Owner OK’s removal of plant near reload site

This rendering shows the 30% design phase for the Treasure Valley Reload Center, which will be submitted to Oregon Department of Transportation in January of 2020.


Work at the site of the Treasure Valley Reload Center could begin in the next fews months depending on action by the Oregon Transportation Commission at its next meeting, scheduled for Jan. 21.

At the Tuesday meeting of the Malheur County Development Corporation board, by phone, Greg Smith, officer to the board and county economic development director, said the proposed reload center is set to be on the commission’s agenda at which time the panel could begin approving construction dollars for the project.

While there are some agreements still being negotiated, Smith said, in talking with Oregon Department of Transportation staff, the agency is expected to be satisfied with the progress of those negotiations to allow construction to proceed.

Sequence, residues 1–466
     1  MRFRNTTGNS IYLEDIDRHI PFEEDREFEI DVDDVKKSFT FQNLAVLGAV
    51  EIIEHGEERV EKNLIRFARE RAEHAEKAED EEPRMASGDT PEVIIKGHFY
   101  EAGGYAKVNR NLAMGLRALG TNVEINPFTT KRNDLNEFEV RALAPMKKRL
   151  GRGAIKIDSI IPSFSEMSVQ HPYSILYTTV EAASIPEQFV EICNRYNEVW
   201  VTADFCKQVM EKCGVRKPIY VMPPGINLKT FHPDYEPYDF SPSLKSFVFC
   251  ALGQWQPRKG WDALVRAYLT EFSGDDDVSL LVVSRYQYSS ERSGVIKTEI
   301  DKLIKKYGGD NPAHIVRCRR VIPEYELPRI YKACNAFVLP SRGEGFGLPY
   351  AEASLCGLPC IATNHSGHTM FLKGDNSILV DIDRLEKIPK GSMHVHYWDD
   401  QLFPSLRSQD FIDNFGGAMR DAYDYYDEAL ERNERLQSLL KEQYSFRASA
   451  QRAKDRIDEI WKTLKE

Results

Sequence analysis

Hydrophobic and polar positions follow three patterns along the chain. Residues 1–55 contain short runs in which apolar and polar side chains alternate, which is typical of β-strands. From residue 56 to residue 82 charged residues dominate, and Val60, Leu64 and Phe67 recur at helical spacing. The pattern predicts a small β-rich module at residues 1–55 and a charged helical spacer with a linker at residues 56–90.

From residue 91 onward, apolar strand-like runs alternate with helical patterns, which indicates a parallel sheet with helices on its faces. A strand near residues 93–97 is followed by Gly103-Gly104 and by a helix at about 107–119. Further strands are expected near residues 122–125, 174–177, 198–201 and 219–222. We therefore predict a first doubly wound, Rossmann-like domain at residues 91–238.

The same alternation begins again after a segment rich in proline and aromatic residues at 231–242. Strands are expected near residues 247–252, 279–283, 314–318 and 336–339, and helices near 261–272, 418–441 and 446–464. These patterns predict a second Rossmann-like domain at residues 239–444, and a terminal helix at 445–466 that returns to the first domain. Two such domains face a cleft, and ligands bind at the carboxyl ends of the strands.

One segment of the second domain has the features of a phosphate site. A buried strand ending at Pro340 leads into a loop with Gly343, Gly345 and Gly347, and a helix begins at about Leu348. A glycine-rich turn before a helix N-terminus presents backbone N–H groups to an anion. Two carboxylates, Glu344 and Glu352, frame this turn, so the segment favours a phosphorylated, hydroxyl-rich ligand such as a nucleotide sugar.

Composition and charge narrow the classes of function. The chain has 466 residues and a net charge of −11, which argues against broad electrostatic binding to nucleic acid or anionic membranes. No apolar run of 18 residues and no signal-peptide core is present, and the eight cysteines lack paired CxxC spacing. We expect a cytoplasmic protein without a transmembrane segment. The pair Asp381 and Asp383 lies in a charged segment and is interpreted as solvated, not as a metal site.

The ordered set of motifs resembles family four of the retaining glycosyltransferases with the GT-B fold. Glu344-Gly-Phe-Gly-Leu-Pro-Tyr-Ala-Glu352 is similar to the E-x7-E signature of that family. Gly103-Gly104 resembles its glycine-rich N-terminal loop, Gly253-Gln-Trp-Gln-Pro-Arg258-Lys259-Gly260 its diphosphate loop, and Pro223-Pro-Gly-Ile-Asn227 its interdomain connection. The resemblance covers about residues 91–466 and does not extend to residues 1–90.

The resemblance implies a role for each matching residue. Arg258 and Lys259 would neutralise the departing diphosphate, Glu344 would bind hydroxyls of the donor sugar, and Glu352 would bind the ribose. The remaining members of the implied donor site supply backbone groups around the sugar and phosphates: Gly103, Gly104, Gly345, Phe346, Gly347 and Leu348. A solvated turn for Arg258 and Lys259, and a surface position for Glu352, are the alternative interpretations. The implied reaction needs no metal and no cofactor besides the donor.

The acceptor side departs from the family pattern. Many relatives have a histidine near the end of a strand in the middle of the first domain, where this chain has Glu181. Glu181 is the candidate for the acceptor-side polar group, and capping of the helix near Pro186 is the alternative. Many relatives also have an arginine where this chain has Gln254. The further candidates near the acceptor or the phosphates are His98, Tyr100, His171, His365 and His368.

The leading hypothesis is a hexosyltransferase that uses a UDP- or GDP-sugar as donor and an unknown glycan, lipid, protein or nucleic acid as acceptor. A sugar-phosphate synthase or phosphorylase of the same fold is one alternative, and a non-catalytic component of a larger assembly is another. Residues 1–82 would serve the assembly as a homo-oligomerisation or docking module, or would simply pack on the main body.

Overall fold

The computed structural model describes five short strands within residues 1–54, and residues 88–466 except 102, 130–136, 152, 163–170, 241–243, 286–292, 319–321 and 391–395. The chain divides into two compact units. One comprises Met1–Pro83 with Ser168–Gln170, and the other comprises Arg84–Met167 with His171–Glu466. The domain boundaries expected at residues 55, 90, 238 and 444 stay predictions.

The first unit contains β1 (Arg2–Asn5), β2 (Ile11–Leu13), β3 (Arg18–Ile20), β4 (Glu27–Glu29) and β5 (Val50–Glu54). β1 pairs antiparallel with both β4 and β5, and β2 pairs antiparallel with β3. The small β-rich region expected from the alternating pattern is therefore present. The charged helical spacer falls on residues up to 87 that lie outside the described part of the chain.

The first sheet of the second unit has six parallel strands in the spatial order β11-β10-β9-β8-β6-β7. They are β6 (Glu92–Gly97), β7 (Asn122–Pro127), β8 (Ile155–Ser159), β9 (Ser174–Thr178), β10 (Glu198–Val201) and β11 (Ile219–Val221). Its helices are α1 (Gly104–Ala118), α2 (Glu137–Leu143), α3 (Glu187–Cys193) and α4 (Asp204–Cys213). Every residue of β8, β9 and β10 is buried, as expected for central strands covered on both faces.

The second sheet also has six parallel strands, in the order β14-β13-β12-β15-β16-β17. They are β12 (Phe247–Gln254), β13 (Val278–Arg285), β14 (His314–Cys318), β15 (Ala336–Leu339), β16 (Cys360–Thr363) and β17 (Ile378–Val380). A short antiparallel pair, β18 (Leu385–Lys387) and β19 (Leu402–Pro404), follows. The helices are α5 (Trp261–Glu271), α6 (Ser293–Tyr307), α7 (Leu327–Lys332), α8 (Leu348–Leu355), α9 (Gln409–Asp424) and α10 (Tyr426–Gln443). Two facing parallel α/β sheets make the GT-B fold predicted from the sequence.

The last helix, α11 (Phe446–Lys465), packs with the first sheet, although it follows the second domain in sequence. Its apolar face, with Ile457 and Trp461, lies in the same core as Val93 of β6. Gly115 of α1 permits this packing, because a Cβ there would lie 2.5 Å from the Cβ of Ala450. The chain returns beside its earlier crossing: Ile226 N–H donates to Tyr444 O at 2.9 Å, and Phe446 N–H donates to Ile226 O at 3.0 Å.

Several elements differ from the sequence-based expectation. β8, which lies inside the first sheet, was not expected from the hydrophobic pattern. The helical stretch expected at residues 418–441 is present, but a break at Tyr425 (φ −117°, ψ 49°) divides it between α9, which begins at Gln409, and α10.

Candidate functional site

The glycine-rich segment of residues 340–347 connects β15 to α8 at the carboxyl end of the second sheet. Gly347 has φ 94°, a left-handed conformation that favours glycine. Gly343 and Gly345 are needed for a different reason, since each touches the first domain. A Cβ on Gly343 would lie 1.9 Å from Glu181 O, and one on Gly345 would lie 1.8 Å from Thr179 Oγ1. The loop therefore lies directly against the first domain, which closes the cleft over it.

Those agreements include the industrial track design, agreement between the shippers group and the projected reload center operator Americold, on shipping onions to four different locations around the nation and an agreement to allow any eligible commodities to be shipped, plus several others.

While the Oregon Legislature has appropriated $26 million for construction of the reload center, Smith said the release of the funds would happen when different segments of the project are completed and certain milestones are met, on a reimbursement basis from the state.

To facilitate construction, a line of credit has been established for the board to cover costs until reimbursement is approved, Smith said. Construction segments will be kept small to encourage local contractors to participate and allow quicker payments to contractors.

Project Manager Brad Baird, with Anderson Perry, said the commission gives its approval. Additionally, construction is expected to start near spring, with extensive ground preparation for the rail, structures and roads.

One cloud hanging over the project, Baird admitted, is the ever-rising costs of building materials but said those would have to be worked around.

Smith said, with the approval of the Oregon Transportation Commission, the groundwork could begin as early as April.

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